Weakness, fatigue and pale, tired, and dull-looking skin are all symptoms of low red blood cell (RBC) count, which can cause anemia. RBCs are the most critical cells in your body. Every day, the body generates millions of RBCs in your bone marrow that have a lifespan of 120 days. When their life is over, they go to the liver, where they’re destroyed and recycled by cellular components of your liver.
As anemia puts you at risk of numerous health conditions, it’s critical to boost your RBC levels to prevent severe issues. Here are a few ways to increase your blood count and prevent the symptoms from worsening.
Eat Foods High In Iron
Iron plays a significant role in producing red blood cells in your body. The more the iron reaches different parts of your body, the more it helps with the RBC and hemoglobin production.
Enriched bread, fortified cereals, baked potato, tofu, lentils, beans, green beans, cabbage, kale, spinach, broccoli, beef, shellfish, organ meats, and liver are all sources of iron.
Incorporate a Folate Rich Diet
Folate is a type of vitamin B used by your body to make RBCs. Your red blood cells will not mature if you don’t get enough folate. A lack of folate can result in folate deficiency anemia and low hemoglobin levels.
You can increase your folate intake by eating more folate-rich foods like peanuts, kidney beans, lettuce, spinach, avocado, and black-eyed peas.
Consume More Vitamin B-12
The deficiency of vitamin B-12 can cause anemia as the development of red blood cells is abnormal. They are enormous and oval-shaped rather than circular, unlike healthy red blood cells.
As a result, they have a shorter lifespan and die earlier than they should. Include eggs, fish, red meat, and dairy products like cheese and milk in your diet to overcome the deficiency that is the cause of inefficient RBCs.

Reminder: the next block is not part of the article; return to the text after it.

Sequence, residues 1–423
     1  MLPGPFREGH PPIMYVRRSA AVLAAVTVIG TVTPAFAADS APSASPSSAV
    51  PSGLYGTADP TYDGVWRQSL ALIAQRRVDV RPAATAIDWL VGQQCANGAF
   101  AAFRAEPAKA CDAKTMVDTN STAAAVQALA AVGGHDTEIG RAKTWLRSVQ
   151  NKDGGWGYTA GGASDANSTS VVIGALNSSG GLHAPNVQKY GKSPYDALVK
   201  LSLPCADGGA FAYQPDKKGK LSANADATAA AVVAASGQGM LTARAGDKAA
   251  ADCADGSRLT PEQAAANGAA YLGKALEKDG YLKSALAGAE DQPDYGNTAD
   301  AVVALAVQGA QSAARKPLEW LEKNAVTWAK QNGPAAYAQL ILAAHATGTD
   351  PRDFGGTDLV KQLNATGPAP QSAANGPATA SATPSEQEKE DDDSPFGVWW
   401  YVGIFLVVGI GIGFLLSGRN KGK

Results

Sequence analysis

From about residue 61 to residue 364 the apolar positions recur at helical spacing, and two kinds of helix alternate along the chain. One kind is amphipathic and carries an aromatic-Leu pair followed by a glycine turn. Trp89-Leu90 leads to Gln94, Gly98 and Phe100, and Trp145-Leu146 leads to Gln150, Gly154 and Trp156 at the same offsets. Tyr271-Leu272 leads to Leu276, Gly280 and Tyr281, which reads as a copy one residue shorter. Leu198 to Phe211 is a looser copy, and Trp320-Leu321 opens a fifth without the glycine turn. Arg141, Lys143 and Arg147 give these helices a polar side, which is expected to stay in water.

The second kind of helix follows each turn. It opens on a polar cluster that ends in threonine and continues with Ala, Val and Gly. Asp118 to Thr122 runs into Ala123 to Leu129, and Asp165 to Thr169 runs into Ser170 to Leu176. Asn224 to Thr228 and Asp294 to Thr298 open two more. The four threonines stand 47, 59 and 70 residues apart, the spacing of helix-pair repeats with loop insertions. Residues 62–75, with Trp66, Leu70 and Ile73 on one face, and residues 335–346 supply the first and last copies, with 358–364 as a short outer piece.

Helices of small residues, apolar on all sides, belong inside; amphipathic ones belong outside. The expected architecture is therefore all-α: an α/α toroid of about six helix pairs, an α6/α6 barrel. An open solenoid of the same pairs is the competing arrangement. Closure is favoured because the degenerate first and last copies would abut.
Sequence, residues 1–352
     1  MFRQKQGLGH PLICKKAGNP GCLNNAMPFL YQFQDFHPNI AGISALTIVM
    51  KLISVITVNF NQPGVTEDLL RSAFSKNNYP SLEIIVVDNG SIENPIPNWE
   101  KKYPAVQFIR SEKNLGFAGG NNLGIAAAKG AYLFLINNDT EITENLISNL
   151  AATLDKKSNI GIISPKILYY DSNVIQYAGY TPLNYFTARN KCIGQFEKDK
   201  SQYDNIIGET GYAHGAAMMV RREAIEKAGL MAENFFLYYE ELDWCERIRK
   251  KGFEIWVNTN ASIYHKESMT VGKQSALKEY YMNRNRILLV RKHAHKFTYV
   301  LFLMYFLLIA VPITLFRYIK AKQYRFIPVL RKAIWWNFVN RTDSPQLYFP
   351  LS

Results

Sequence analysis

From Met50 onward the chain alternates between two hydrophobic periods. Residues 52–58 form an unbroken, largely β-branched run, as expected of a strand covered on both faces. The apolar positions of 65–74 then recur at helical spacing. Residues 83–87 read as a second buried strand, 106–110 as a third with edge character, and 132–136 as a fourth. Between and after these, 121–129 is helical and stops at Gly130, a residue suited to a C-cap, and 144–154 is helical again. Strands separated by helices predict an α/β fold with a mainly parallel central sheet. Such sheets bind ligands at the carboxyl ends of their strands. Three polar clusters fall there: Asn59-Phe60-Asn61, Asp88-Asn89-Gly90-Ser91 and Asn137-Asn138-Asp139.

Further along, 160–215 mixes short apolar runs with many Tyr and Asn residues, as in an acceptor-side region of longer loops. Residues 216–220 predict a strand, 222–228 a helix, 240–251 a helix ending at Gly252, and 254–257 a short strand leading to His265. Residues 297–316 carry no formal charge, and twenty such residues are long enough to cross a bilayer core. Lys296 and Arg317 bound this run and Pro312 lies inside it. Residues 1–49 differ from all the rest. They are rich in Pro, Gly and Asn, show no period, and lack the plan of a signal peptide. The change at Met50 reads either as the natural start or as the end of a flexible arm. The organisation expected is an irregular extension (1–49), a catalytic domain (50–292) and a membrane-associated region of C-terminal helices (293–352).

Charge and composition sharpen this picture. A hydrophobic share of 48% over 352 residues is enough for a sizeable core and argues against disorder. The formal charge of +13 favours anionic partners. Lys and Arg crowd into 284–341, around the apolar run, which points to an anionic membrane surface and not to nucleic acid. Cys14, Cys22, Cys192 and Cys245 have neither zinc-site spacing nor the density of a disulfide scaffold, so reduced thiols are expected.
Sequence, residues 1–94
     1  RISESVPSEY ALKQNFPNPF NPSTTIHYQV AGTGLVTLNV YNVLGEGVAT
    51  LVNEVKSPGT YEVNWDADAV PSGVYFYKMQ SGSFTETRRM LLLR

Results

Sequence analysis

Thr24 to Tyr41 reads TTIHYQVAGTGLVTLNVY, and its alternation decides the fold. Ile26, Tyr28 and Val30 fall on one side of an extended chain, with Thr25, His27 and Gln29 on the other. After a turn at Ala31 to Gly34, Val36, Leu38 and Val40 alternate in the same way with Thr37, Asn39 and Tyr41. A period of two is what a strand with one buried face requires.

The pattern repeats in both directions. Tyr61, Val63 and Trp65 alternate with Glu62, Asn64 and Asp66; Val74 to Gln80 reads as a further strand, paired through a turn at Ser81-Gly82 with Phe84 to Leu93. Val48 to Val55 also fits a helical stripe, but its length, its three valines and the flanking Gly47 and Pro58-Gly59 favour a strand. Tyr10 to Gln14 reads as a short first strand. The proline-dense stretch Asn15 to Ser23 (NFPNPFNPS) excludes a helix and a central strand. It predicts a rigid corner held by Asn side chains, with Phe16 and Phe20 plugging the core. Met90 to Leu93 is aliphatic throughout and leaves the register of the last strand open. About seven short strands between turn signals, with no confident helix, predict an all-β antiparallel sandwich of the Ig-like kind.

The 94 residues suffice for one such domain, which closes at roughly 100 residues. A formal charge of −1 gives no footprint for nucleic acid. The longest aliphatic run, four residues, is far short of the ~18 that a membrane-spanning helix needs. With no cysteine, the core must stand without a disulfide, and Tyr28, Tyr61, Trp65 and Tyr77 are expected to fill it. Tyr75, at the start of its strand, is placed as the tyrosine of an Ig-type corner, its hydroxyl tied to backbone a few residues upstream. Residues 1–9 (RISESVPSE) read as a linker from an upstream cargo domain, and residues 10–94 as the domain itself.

Maximize Your Iron Absorption with Copper
One significant deficiency that people often ignore and fail to associate with low levels of RBCs and hemoglobin in your body is the low levels of an essential element, copper, in your body.
When your body is unable to absorb iron from your gut, copper helps. It doesn’t directly help in the production of red blood cells. Instead, it increases the absorption of iron from your gut, essential for the production and replication of your oxygen-carrying cells.
The body may absorb less iron if your copper levels are low. This can lead to iron deficiency anemia, where your body’s tissues don’t receive adequate oxygen. You may become weaker and more exhausted due to a lack of oxygen. Foods like nuts, cherries, beans, liver, and shellfish all have a high copper content.
Endurance activity, such as jogging, cycling, swimming, or walking, promotes the production of red blood cells in your body. It can help alleviate symptoms of anemia.
It helps improve the total mass of red blood cells and their hemoglobin content which enhances the oxygen transportability of these cells.
However, it’s important to consult a professional about the types of exercises you can do to not over-exert your body and cause more harm than good.
Reduce Alcohol Consumption
Alcohol can affect the production of red blood cells by lowering the number of precursor cells in your bone marrow. These cells stimulate the production of RBCs. A decreased number of precursor cells significantly reduce the number of red blood cells made by your body.
Furthermore, alcohol also affects the maturity of red blood cells, creating abnormalities in shapes leading to cell malfunction. Alcohol enlarges your red blood cells, making them more susceptible to destruction than optimally functioning red blood cells.
It also reduces the absorption of vital nutrients from the diet. Iron and folic acid deficiencies that inhibit haemoglobin synthesis are frequently associated with alcohol-induced malnutrition.
If you avoid drinking, your body can synthesize hemoglobin appropriately, causing your red blood cells to mature properly. They become efficient in carrying oxygen, significantly reducing the symptoms of anemia.
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